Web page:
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Gov. Cooper visits Kinston to promote 'Hometown Strong,' check on progress there

"I grew up in rural Eastern North Carolina and know the opportunities and the challenges that our rural areas face," said Cooper who visited Kinston Tuesday to see what progress is being made there. (Stephanie Brown, NewsChannel 12 photo)

Gov. Roy Cooper was in Kinston Tuesday to discuss the state's partnership with many small communities that are a lot like the one he grew up in.

Cooper's "Hometown Strong" is all about encouraging growth in rural communities like Kinston, giving locals incentive to stay and draw in newcomers. In Kinston, that means building up the cultural arts community.

"When you want to go somewhere, do you want to go somewhere that just has a Wal-Mart? Or do you want to go somewhere where crazy things are happening?" said Brandon McCullar, a local artist.

McCullar visited Kinston once and fell in love with the city and everything that was ahppening. He's now part of Smart Kinston, a nonprofit with a goal to build the city's arts economy.

"Every artist has an opportunity to be on the ground floor of something, or they can come back and it's already developed," McCullar said. "And I wanted to be on the ground floor."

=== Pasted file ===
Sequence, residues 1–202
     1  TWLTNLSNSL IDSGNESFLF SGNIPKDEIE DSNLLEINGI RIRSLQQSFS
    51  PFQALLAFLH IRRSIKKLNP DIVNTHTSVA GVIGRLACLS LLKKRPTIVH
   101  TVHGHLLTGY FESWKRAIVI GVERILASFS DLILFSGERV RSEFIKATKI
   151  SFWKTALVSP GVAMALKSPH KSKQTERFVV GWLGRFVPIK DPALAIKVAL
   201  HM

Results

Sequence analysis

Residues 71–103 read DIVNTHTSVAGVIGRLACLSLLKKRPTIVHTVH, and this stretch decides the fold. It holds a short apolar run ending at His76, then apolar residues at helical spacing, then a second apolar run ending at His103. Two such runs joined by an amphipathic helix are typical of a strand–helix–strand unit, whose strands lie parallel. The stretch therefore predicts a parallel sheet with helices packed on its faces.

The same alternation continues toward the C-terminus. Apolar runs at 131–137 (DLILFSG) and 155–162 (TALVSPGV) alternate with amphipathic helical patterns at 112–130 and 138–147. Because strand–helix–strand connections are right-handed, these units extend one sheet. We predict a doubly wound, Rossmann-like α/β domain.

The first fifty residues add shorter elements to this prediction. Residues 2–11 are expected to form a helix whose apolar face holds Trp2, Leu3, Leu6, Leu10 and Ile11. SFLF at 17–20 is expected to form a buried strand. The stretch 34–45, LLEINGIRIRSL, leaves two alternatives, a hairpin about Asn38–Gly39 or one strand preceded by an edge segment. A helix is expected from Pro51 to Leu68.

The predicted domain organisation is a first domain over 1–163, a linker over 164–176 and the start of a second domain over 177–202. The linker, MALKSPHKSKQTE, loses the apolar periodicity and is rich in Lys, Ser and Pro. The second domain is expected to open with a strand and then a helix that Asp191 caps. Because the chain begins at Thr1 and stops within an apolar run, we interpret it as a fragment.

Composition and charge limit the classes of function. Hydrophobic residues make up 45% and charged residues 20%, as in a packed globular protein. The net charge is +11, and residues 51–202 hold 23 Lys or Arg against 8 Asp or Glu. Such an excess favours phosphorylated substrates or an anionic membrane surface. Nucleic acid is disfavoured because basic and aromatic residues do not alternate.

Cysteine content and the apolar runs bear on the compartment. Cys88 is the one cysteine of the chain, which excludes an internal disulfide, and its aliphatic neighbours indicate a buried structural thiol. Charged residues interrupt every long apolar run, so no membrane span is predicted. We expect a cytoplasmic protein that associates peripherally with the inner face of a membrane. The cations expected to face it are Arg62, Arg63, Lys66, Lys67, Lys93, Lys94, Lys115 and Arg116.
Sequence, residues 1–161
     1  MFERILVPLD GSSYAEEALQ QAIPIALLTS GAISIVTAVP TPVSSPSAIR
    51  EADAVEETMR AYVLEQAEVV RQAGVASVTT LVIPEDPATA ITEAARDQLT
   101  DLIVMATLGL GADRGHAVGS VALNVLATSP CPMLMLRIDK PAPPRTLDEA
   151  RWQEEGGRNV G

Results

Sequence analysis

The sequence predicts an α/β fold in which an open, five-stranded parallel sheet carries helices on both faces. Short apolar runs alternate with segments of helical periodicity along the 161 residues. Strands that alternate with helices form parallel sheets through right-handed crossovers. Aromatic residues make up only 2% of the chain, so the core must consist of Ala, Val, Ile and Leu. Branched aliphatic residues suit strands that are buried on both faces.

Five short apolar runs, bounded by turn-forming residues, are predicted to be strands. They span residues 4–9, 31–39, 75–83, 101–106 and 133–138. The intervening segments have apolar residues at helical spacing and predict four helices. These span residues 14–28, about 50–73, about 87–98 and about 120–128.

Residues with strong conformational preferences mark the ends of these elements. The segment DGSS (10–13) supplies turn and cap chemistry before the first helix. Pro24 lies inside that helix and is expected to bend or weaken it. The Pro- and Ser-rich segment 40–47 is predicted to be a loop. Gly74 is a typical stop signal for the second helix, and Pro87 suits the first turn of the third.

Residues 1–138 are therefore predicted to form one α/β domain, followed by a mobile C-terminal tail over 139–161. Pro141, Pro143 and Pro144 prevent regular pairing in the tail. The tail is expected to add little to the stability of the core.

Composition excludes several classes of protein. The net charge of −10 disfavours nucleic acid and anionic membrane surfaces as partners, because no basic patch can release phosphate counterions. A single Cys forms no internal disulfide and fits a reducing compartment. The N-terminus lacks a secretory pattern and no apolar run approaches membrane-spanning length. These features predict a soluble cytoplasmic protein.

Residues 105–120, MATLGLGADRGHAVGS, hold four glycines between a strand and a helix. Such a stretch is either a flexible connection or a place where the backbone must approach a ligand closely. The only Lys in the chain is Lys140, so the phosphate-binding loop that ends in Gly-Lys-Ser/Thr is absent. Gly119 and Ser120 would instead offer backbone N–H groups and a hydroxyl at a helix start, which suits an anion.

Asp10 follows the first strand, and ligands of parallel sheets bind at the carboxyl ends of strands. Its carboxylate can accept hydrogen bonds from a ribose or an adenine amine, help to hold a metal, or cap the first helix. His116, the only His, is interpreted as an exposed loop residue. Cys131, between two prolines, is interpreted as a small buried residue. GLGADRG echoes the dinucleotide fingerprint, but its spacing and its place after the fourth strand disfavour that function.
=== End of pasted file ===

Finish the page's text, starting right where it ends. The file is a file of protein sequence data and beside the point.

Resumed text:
Smart Kinston is one of the groups working within Cooper's program of promoting visual arts, music, performance art and everything in-between.

"I grew up in rural Eastern North Carolina and know the opportunities and the challenges that our rural areas face," said Cooper who visited Kinston Tuesday to see what progress is being made there.

Stephen Hill is chairman of Smart Kinston and said he ultimately wants to see strengthening of the arts because it will strengthen the area's economy.

"They want cultural assets," Hill said. "They want things for their employees to be able to do. If they don't have that they're not going to Locate there, so therefore you continually don't get those jobs, they go somewhere else."

Some of Smart Kinston's achievements include rehabilitating more than 50 vacant homes in the arts district and an African-American music heritage trail. Cooper's imitative also focuses on infrastructure improvement, broadband access and workforce training.

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